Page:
The Rise of Skywalker Ends the Great Star Wars Saga With Schizophrenic Confusion
You can’t please everyone. In a nutshell, this defines all Star Wars films made after the first trilogy. The prequels were announced a little over 20 years ago to much hype and excitement. As huge Star Wars fans, my friend and I joked that Episode I could just be two hours of George Lucas’ hairy ass onscreen and we would all be happy. We were all so hungry for more Star Wars that news of the prequels sent our fanboy anticipation into overdrive. We all know what happened, of course. Jar Jar Binks, Midichlorians, and an altogether bad story effectively doused cold water on an entire fandom’s collective excitement for the franchise.
Actor Jake Lloyd, who played the young Anakin Skywalker, said that his life was a “living hell” after the Phantom Menace, as his peers constantly taunted and bullied him for his role. Ahmed Best, who played Jar Jar Binks, received death threats and was driven to the point of considering suicide. Even Academy Award winner Natalie Portman has gone on record to say that the Star Wars prequels nearly killed her career, as no director wanted to work with her after the trilogy.
Imagine the excitement of a disappointed fandom, then, when Lucas sold Lucasfilm and the entire Star Wars property to Disney for $4.05 billion in 2012. More stories set in the Star Wars universe without the creator of Jar Jar? Yes, please. A new trilogy set after Return of the Jedi? Gimme, gimme.
Except The Force Awakens didn’t quite capture the magic of the originals although it certainly tried. J.J. Abrams rehashed story beats from Episodes I and IV using new characters to make Star Wars feel familiar yet new at the same time. It was exciting but some fans complained that it was just a rehash of old films, with Starkiller Base simply a fancier Death Star and the First Order identical to the old Empire. Critics were not wrong.
Then came The Last Jedi. Disney brought on Looper director Rian Johnson, an extremely talented filmmaker, to bring his vision to Star Wars. The result was arguably the most divisive film in all of Star Wars’ storied history as Johnson effectively undid every single plot point that Abrams had set up in The Force Awakens. Film critics loved it, as Johnson subverted Star Wars storytelling into something completely new. “Let the past die,” Kylo Ren would tell Rey, but also winking at the audience to let go of everything they knew and loved about Star Wars and embrace his bold new direction.
Except many didn’t. If some fans disliked The Force Awakens for its familiarity, others hated the Last Jedi for its dismissal of the familiar. And just as the first trilogy effectively ruined the lives of some actors who were part of it, many of the cast of the new trilogy were victimized, as well. Kelly Marie Tran, who plays rebel Rose Tico, was bullied relentlessly to the point where she left social media. Daisy Ridley, who plays Rey, quit social media, as well, saying that fans could be vicious and mean. In fact, Lucas himself explained that he sold Star Wars because it was no longer fun and that people just kept telling him how terrible he was.
It is impossible to please everyone, and yet that’s what The Rise of Skywalker tries to do.
The Pretty Bad
In over 40 years and now the ninth film in the Skywalker saga, it’s become clearer and clearer that Star Wars has the most toxic fandom among all geeky franchises. No other fandom has attacked the creators and actors who’ve been part of the story they love with as much ferocity and viciousness as Star Wars fans. It isn’t going to get better with The Rise of Skywalker.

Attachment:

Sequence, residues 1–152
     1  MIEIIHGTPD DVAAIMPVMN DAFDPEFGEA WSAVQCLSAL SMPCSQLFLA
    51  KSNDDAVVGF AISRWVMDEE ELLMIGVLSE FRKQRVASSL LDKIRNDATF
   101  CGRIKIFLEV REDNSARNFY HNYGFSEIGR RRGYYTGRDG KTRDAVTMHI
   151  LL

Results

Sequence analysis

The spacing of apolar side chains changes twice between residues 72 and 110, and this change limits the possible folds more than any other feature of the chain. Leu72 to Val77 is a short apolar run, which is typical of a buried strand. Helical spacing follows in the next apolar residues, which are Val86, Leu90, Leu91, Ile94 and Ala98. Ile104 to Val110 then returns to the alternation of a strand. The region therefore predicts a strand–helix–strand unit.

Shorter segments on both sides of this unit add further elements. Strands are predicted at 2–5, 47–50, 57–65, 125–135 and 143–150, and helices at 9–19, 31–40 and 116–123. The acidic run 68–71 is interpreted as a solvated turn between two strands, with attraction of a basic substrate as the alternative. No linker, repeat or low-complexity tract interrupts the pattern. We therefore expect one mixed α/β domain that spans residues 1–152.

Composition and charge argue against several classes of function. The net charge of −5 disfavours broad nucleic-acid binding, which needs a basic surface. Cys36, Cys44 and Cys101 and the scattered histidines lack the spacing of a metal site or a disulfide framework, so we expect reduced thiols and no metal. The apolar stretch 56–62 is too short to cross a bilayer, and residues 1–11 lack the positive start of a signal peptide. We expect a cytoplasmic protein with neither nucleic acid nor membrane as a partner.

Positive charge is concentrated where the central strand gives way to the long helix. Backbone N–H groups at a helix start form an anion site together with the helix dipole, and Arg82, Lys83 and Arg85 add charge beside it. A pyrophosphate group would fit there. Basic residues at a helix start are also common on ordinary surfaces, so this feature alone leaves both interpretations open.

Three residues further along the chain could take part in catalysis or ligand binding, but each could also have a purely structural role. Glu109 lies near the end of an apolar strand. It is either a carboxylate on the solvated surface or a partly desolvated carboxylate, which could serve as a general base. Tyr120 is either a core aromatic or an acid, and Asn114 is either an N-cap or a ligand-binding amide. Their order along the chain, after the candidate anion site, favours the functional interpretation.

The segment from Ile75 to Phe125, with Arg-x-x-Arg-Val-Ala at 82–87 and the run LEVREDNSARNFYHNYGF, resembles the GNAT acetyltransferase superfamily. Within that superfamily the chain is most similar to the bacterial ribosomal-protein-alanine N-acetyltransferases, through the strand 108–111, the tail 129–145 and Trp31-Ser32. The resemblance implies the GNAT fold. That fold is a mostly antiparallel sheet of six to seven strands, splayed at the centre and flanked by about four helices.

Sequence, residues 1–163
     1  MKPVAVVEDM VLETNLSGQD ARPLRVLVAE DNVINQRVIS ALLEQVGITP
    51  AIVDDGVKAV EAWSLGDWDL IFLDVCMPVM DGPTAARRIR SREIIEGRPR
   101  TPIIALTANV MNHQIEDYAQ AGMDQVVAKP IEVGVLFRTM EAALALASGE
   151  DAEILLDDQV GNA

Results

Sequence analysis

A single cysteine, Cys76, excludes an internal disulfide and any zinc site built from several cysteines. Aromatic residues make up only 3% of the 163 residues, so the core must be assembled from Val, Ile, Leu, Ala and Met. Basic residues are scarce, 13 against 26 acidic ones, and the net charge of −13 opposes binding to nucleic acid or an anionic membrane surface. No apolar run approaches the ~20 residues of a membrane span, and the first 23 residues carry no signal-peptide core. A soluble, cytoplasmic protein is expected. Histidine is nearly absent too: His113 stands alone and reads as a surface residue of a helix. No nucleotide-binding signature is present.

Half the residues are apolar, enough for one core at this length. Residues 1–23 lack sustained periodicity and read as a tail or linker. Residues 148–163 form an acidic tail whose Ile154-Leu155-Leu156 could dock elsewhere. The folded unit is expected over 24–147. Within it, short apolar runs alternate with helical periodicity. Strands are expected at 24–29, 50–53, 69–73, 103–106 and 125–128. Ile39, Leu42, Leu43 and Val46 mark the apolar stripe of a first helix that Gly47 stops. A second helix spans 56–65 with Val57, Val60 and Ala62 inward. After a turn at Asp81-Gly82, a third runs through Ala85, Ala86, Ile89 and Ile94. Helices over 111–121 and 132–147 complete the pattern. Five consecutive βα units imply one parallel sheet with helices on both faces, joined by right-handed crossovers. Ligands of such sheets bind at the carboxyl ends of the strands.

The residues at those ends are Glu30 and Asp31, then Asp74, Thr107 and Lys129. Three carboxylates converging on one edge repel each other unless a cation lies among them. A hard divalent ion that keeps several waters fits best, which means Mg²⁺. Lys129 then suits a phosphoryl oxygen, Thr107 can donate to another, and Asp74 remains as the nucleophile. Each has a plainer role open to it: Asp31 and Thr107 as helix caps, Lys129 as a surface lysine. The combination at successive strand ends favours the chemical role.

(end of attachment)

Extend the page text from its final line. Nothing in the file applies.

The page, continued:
Put simply, Episode IX is a pretty bad film. It rushes to undo every subversive thing about The Last Jedi in the first 10 minutes. It’s a frenetic, disjointed montage that jumps from one scene to another that it’s jarring. The traditional opening scrawl immediately inserts Emperor Palpatine back into the story, as though Kylo Ren simply wasn’t a good enough villain to sustain the last arc of a nine-film saga. But Kylo Ren is actually a more nuanced villain than Darth Vader in many ways, his depth unfortunately undermined by not necessarily unfair comparisons to an entitled millennial. Although Palpatine is a nice nod to fans, he’s just one more checkbox in a list that seems tailor-made to appease fans who hated The Last Jedi.
I am one of those fans. Although I felt The Last Jedi was a technically impressive film, the way Johnson’s narrative abandoned the story threads laid out by The Force Awakens invalidated the first film, making it superfluous. Now Abrams has retaken the reins for The Rise of Skywalker, he effectively retcons everything that Johnson did and ironically undoes The Last Jedi the same way The Last Jedi undid The Force Awakens. As someone who hated Johnson’s subversive narrative, this was supposed to make me happy.
So why didn’t it?
One reason The Last Jedi was such a disappointment to me was because it felt like it wasted the excitement built over from the subplots of The Force Awakens. Waiting two years for Rey’s parentage, a major plot thread in Episode VII, only to be told it didn’t matter, or having the dramatic moment of Rey handing over the saber to Luke reduced to a punchline—all of it wiped away so much of what was important about The Force Awakens that it felt dismissive of what viewers cared about.
The Rise of Skywalker heads in the opposite direction so hard and so fast that you’ll get whiplash. It tries to cater to the lowest common denominator and, as a result, ends up being almost patronizing. But the problem isn’t simply with the fact Abrams undoes The Last Jedi but in the fact that it’s so poorly written and badly paced that it eschews good filmmaking for the sake of course correction.